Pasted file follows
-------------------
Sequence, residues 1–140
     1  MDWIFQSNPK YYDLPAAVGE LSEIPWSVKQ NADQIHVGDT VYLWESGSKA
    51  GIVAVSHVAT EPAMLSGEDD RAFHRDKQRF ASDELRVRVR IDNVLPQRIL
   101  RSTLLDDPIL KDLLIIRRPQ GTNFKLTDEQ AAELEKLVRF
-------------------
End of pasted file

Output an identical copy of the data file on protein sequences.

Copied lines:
Sequence, residues 1–140
     1  MDWIFQSNPK YYDLPAAVGE LSEIPWSVKQ NADQIHVGDT VYLWESGSKA
    51  GIVAVSHVAT EPAMLSGEDD RAFHRDKQRF ASDELRVRVR IDNVLPQRIL
   101  RSTLLDDPIL KDLLIIRRPQ GTNFKLTDEQ AAELEKLVRF